(Een Nederlandse vertaling van deze brief vind je hier.)
To Elizabeth Gilbert after reading ‘Big Magic’
Dear Elizabeth Gilbert,
I have read your sweet book Big Magic. In fact, I’m reading it for the second time, as I want to remember some specific phrases and concepts that caught my attention, but I didn’t take them down the first time. Your book came to me at the right moment in one of the more difficult phases in my own creative process (drastically reworking a manuscript, and facing the fear of letting go of something cherished without the guarantee of successfully completing the challenge presented to me).
I saw your TED-talk on creativity years ago, loved it, read Eat Pray Love as a result of that, loved that too, and continued to follow you through the years. There are a lot of elements in Big Magic that I find true, amusing, uplifting or simply sane and necessary.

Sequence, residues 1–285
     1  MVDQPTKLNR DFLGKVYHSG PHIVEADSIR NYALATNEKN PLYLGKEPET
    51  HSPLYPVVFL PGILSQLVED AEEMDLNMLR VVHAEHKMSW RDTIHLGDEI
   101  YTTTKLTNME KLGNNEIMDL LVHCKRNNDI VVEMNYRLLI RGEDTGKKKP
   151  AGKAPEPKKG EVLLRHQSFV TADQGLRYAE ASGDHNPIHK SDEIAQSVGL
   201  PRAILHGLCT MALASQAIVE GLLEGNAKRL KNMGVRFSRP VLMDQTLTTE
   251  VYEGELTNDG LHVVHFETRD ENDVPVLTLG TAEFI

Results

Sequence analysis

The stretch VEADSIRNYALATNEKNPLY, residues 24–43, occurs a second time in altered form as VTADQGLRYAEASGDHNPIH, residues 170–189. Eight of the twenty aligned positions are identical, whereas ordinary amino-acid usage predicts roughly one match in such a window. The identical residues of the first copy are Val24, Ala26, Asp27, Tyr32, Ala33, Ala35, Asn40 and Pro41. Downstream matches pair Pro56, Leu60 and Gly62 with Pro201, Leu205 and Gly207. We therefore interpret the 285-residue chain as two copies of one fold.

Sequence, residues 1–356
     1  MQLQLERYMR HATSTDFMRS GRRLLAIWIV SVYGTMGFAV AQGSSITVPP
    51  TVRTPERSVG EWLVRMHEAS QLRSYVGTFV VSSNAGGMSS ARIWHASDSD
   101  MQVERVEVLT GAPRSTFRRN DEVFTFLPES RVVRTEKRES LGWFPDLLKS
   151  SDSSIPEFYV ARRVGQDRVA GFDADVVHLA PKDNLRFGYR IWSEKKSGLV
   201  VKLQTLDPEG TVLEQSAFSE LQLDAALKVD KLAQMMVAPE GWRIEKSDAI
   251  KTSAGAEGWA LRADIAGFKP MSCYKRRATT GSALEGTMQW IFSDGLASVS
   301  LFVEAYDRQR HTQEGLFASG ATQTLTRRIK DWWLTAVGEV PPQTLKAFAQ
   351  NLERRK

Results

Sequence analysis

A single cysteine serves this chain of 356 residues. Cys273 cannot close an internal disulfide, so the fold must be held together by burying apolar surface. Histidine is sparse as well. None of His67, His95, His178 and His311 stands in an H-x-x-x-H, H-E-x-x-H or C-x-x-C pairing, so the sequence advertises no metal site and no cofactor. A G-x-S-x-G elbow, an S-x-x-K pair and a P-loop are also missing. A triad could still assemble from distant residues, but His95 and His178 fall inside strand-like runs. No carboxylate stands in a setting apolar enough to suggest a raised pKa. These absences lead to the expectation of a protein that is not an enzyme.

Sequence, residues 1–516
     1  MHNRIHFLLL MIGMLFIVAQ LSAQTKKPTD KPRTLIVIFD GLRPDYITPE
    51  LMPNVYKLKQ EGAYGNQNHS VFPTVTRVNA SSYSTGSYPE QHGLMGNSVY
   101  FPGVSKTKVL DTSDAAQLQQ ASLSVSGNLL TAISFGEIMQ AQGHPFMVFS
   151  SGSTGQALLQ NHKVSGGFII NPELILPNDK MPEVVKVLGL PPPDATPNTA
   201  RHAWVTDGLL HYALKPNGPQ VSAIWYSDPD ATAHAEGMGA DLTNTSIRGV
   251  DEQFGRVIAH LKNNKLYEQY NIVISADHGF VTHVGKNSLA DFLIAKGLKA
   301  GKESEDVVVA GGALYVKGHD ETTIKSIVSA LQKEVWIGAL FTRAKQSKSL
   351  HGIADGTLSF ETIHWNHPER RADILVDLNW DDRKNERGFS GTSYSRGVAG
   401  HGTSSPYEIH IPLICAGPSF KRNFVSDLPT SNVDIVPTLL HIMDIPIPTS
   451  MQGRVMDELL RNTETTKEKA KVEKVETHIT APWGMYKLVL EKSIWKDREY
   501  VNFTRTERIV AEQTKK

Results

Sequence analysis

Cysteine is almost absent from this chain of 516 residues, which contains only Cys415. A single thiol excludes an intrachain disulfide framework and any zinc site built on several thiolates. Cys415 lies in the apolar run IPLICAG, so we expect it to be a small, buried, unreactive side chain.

My love for creativity is not unlike yours. Without giving it any special name or defining it as a specific entity, I have always trusted inspiration to show up when it wanted to and never tried to force its hand. (I have of course also gone down the road of frustration and suffering, especially when I was having a hard time getting published, but I have always tried to get off that track as fast as I could).
So there was a lot for me to applaud or embrace in Big Magic, and I had some nice new epiphanies. Thank you for all that.
There is one idea, however, that I found myself strongly disagreeing with as I read it, and as I am now rereading your book I find myself arguing with you in my mind. So I decided I’d write to you about it. I am of course curious how you will feel about what I have to say, but I fully accept the fact that you are probably receiving hundreds of mails and letters around this time and you might have no time at all to reply. You might not even feel like replying. If that is the case, it’s fine with me. I just felt like sharing with you a concept I hold dear.